Peering into the Crystal Ball
May 11, 2020
This volume of the Future of Warfare series examines the most significant trends in factors affecting the use of restraint in warfare that could affect U.S. national security: the spread of lawfare, the widespread distribution of imagery of U.S. military operations, the increasing effectiveness of false accusations, and the increasing public concern for civilian casualties.
The Changing Global Environment and Its Implications for the U.S. Air Force
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Military objectives often can be pursued using a number of different approaches: airpower versus ground forces, larger munitions versus smaller ones, more- or less-restrictive rules of engagement. Military effectiveness often favors the immediate application of overwhelming force, but militaries and their civilian overseers often opt for more-restrained approaches. Understanding how and why policymakers have chosen to impose these restraints in the past and how and why they are likely to do so in the future is critical to understanding how states will conduct future wars. This report identifies four key trends likely to shape the future exercise of restraint in warfare: the spread of lawfare (or use of law as a weapon of war), the widespread distribution of imagery of U.S. military operations, the increasing effectiveness of false accusations, and the increasing public concern for civilian casualties. These trends are assessed for how likely they are to affect both conflict between states and between states and nonstate actors, in addition to how the effects of these trends might differ for different types of states. Overall, these trends appear likely to further increase the incentives of decisionmakers in liberal democratic states to avoid civilian casualties in conflicts against weaker adversaries and to support investments in capabilities to make this possible. Other states that are more autocratic are not likely to be similarly constrained, and policymakers in democratic states will need to adapt to this asymmetry. Between highly capable state actors, conflict is less likely to occur but could involve very different incentives if operational considerations prompt a sharp reduction in the degree of restraint exercised beyond each state's legal obligations and the public shows a greater tolerance of heightened levels of military casualties and collateral damage to civilians. This report also provides specific recommendations for U.S. policymakers to begin to adapt to these anticipated trends.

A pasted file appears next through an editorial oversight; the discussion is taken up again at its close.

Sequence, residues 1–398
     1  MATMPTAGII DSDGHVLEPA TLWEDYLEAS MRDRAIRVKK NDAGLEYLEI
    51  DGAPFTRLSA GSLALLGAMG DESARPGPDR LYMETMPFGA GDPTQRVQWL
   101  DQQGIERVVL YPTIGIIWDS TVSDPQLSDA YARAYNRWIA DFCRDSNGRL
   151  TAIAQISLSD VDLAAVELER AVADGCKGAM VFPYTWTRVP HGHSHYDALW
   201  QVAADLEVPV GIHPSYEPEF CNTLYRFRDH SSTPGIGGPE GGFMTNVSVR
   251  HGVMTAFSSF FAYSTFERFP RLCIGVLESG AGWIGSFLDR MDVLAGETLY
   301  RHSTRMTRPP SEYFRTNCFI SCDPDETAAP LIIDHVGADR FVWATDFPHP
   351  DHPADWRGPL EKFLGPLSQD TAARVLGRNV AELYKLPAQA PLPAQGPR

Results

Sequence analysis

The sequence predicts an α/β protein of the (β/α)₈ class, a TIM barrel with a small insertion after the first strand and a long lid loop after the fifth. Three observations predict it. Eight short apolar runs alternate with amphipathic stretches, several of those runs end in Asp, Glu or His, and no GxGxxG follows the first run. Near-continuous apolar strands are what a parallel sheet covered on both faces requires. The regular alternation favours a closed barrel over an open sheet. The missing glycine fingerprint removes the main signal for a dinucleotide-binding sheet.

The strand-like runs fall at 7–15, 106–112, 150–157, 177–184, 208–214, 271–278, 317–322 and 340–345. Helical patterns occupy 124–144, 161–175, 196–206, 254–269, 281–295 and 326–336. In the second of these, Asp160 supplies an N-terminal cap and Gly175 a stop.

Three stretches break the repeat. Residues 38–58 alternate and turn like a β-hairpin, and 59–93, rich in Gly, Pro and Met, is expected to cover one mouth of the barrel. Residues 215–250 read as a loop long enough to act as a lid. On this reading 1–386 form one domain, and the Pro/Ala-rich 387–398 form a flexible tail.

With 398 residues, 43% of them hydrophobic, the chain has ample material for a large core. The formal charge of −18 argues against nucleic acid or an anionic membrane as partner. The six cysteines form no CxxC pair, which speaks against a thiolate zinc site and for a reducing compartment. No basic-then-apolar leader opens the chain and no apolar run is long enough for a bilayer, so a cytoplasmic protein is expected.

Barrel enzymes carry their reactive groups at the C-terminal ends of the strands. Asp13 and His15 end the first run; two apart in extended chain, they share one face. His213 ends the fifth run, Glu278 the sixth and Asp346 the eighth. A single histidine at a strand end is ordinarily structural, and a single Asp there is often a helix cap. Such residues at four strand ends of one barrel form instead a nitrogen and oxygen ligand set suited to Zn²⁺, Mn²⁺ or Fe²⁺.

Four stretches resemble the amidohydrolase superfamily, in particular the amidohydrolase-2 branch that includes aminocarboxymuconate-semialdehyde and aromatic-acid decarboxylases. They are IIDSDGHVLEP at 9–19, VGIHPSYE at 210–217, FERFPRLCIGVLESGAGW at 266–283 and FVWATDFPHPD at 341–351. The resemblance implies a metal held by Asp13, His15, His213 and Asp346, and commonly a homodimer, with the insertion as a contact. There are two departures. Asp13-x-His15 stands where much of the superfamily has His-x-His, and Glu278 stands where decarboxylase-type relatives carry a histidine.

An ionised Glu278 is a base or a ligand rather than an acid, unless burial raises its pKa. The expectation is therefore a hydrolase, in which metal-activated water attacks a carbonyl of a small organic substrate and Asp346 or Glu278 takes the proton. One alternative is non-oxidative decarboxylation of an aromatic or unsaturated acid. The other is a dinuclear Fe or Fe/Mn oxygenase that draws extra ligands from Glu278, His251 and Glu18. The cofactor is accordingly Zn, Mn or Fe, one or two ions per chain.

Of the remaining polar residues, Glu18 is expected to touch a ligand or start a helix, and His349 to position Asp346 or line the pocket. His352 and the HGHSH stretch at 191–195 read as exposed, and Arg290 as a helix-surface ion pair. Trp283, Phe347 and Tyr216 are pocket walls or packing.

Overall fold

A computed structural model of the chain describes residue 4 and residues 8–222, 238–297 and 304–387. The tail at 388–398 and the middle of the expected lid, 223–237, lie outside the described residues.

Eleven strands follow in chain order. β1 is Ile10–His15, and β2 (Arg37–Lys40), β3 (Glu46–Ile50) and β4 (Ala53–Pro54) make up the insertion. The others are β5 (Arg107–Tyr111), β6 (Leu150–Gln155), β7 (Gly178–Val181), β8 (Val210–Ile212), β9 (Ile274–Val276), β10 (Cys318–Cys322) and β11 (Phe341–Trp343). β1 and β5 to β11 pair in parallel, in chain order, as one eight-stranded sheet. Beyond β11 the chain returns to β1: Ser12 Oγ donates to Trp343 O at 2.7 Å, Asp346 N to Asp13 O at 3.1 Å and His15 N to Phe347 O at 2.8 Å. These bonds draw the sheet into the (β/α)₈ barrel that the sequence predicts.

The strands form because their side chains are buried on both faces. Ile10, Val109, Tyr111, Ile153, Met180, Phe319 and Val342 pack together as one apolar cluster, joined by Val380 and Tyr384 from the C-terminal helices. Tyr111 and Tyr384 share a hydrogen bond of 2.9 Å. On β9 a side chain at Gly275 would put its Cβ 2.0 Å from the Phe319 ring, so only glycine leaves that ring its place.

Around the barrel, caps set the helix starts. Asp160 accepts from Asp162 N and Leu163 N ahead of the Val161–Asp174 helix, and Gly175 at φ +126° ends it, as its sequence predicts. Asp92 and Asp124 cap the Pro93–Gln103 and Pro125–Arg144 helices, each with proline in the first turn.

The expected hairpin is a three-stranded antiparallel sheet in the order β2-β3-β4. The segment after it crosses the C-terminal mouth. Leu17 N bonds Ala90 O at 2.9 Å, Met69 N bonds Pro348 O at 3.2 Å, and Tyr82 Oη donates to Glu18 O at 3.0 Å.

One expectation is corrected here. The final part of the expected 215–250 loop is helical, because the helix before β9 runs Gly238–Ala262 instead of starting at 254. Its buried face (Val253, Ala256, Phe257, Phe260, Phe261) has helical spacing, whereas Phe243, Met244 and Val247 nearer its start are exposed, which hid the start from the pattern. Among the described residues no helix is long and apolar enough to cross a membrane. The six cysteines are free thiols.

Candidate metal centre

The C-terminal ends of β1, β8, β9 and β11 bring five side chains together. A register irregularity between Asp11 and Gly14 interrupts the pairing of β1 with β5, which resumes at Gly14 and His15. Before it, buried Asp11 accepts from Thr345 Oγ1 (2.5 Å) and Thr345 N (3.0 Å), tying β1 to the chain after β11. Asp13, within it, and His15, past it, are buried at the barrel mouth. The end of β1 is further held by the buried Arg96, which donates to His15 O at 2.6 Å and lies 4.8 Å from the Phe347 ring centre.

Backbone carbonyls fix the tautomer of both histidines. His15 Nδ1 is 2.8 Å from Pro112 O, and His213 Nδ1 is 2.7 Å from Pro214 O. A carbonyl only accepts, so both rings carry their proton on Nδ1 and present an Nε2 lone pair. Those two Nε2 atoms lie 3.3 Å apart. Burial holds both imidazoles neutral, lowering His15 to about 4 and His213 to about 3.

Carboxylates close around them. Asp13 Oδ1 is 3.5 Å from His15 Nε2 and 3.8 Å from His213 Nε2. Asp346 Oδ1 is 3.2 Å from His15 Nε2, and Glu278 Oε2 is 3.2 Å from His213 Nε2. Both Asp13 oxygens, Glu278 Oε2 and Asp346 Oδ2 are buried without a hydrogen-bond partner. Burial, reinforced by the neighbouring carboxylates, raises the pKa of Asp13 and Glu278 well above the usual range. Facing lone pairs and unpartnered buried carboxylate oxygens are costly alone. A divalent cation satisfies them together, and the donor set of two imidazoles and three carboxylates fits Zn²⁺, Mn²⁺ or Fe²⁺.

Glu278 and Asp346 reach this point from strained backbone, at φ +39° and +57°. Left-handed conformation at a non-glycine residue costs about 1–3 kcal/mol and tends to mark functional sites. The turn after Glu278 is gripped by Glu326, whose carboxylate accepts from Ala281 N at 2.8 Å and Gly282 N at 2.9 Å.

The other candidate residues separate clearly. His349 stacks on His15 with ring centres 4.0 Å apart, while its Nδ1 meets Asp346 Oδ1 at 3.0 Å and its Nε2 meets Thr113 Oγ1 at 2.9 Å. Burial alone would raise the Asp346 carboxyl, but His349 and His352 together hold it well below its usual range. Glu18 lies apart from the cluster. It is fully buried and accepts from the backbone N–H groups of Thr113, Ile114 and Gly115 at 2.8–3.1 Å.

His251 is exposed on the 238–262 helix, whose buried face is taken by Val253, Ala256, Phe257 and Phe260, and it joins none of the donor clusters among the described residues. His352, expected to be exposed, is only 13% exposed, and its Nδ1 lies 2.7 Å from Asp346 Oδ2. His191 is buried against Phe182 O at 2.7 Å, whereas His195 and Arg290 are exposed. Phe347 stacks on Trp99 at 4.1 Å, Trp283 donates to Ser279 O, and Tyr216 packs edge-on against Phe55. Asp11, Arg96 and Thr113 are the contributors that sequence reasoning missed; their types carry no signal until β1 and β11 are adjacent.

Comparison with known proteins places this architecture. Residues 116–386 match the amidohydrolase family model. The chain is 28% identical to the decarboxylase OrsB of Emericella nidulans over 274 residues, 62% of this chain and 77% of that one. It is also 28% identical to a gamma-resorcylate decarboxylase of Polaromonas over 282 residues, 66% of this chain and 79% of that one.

Global Restraint Trends
Trend 1: The Spread of Lawfare
Trend 2: Widespread Distribution of Imagery of U.S. Military Operations
Trend 3: Increasing Effectiveness of False Accusations
Trend 4: Increasing Public Concern for Civilian Casualties
This research was sponsored by the United States Air Force and conducted by the Strategy and Doctrine Program within RAND Project AIR FORCE.
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